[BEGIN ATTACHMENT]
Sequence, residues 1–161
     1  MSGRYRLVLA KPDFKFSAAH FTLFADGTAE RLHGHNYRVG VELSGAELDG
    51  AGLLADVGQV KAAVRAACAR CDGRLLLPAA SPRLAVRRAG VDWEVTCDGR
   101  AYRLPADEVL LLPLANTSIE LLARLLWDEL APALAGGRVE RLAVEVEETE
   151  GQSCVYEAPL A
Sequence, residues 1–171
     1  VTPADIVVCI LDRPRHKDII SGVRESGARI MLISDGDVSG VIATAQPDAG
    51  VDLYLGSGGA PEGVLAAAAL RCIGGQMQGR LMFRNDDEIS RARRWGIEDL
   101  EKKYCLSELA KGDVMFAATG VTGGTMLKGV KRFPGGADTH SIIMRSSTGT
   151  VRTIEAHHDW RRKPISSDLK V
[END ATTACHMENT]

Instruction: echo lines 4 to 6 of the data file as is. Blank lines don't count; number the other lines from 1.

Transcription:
   101  AYRLPADEVL LLPLANTSIE LLARLLWDEL APALAGGRVE RLAVEVEETE
   151  GQSCVYEAPL A
Sequence, residues 1–171